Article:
The tourism–economy causality in the United States: A sub-industry
Chun-Hung (Hugo) Tang
, SooCheong (Shawn) Jang
School of Hotel and Restaurant Administration, Oklahoma State University, 210 HESW, Stillwater, OK 74078, USA
Department of Hospitality and Tourism Management, Purdue University, 700 W. State Street, West Lafayette, IN 47907-2059, USA
Received 24 November 2007
Accepted 21 September 2008
This study analyzes the relationships between the performance of four tourism related industries
(airlines, casinos, hotels, and restaurants) and GDP in the U.S., using cointegration and Granger causality
tests. The results show no cointegration between economic growth and industry performance in the U.S.
This suggests that mechanisms to increase the revenue of tourism related industries can potentially be
successful in the long-run, even in the face of sustained economic stagnation. The results also indicate
a temporal causal hierarchy among industry performance, which could be a good tool for timing and
prioritizing the allocation of resources among industries to ensure better overall tourism and economic
outcomes. Investors and managers could also use this temporal hierarchy to identify the best timing for
investments and business strategies by observing performance trends of industries higher on the
Ó 2008 Elsevier Ltd. All rights reserved.
Because of the potential economic beneﬁts of tourism, such as
increases in foreign exchange earnings, income, employment and
taxes (Archer, 1995; Balaguer & Cantavella-Jorda, 2002; Dritsakis,
2004; Durbarry, 2002), many governments have engaged in
tourism development for the purpose of promoting economic
growth (Mill & Morrison, 2002; Sahli & Nowak, 2007). However,
empirical studies have shown inconsistent or even contradictory
results regarding the tourism-led economic growth hypothesis. For
example, Dritsakis (2004) found a bi-directional causal relationship
in Greece; Kim, Chen and Jang (2006) reported a bi-directional
causality in Taiwan; and Oh (2005) discovered economy-driven
tourism growth in Korea.
Considering that these empirical studies are based upon
different countries, the inconsistent results may be a reﬂection of
the country effect. Because countries could be different in terms of
the weight of tourism in the overall economy (Oh, 2005), the size
and openness of the economy (Kim et al., 2006), and the production
capacity constraints (Dwyer, Forsyth, Madden, & Spurr, 2000), the
tourism–economy relationship could also differ from one country
to another. Costello (1993) also concluded that a substantial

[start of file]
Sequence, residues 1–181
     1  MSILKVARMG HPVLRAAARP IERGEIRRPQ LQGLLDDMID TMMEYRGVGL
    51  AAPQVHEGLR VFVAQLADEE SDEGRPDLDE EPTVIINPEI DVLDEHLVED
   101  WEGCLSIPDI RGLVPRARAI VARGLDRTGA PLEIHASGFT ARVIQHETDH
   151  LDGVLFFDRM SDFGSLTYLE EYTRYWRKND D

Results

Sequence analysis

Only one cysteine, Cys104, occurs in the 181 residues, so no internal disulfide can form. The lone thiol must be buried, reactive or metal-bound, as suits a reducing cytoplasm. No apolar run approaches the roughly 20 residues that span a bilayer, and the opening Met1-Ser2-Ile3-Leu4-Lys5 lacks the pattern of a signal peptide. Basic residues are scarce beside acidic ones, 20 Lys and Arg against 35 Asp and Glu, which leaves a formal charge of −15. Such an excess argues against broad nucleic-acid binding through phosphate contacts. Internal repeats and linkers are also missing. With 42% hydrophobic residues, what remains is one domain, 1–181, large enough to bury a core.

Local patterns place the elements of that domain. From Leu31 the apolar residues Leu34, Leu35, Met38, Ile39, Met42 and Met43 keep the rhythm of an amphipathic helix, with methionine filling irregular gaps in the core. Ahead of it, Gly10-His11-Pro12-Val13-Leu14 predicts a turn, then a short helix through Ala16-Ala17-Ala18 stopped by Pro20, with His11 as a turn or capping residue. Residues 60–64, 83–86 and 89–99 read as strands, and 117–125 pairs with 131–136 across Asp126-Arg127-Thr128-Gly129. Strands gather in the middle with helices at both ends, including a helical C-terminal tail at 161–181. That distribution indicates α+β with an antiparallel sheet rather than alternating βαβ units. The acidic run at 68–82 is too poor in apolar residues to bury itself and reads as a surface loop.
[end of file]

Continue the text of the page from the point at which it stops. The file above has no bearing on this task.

fraction of changes in annual productivity could be attributed to
nation-speciﬁc factors. The diverse relationships between tourism
growth and economic development in different country settings
(Balaguer & Cantavella-Jorda, 2002; Dritsakis, 2004; Kim et al.,
2006; Oh, 2005) found in existing empirical studies further support
the inﬂuence of country effect.
The U.S. tourism industries are among the largest employers in
the country and generate the largest tourism receipts in the world
(World Tourism Organization, 2006). Tourism has created more
than 7.5 million jobs and generates $104.9 billion in taxes (Amer-
ican Hotel & Lodging Association, 2006). Nevertheless, little effort
has been made to investigate the relationship between tourism and
economy in the U.S. Investigating the tourism–economy relation-
ship in the U.S. would not only improve the understanding of the
interaction between tourism industries and the economy in the U.S.
but would also provide an opportunity for examining the tourism–
economy relationship in the context of a developed economy.
The inconsistent results among extant literature may also come
from treating all tourism related businesses as a homogeneous
industry. Unlike other industries that consist of ﬁrms offering
similar goods and services, the tourism industry is more of
a ‘system’ (Mill & Morrison, 2002) that incorporates a variety of
different types of businesses and organizations, such as lodging
establishments, airlines, restaurants, and casinos (American Hotel
& Lodging Association, 2006). These tourism businesses may
inﬂuence or respond to the same economic events differently in
terms of timing and magnitude due to the difference in their
offerings, albeit still related to tourism. Schmalensee (1985) also
Corresponding author. Tel.: þ1 405 744 7110; fax: þ1 405 744-6299.
E-mail addresses: email@example.com (C.-H.(Hugo) Tang), jang12@purdue.
edu (SooCheong(Shawn) Jang).
Tel.: þ1 765 496 3610; fax: þ1 765 494 0327.
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Tourism Management 30 (2009) 553–558